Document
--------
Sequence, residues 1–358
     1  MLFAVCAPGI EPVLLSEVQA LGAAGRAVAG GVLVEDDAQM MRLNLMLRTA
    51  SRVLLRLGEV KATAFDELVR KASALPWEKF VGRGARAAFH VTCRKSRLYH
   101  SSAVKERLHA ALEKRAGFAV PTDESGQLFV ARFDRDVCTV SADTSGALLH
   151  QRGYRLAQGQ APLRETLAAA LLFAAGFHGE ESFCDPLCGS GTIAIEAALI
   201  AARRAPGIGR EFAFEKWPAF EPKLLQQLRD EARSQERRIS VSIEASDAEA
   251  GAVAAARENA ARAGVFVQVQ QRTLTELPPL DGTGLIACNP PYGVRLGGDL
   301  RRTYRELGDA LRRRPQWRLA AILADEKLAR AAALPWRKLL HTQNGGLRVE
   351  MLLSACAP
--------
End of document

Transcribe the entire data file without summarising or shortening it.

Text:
Sequence, residues 1–358
     1  MLFAVCAPGI EPVLLSEVQA LGAAGRAVAG GVLVEDDAQM MRLNLMLRTA
    51  SRVLLRLGEV KATAFDELVR KASALPWEKF VGRGARAAFH VTCRKSRLYH
   101  SSAVKERLHA ALEKRAGFAV PTDESGQLFV ARFDRDVCTV SADTSGALLH
   151  QRGYRLAQGQ APLRETLAAA LLFAAGFHGE ESFCDPLCGS GTIAIEAALI
   201  AARRAPGIGR EFAFEKWPAF EPKLLQQLRD EARSQERRIS VSIEASDAEA
   251  GAVAAARENA ARAGVFVQVQ QRTLTELPPL DGTGLIACNP PYGVRLGGDL
   301  RRTYRELGDA LRRRPQWRLA AILADEKLAR AAALPWRKLL HTQNGGLRVE
   351  MLLSACAP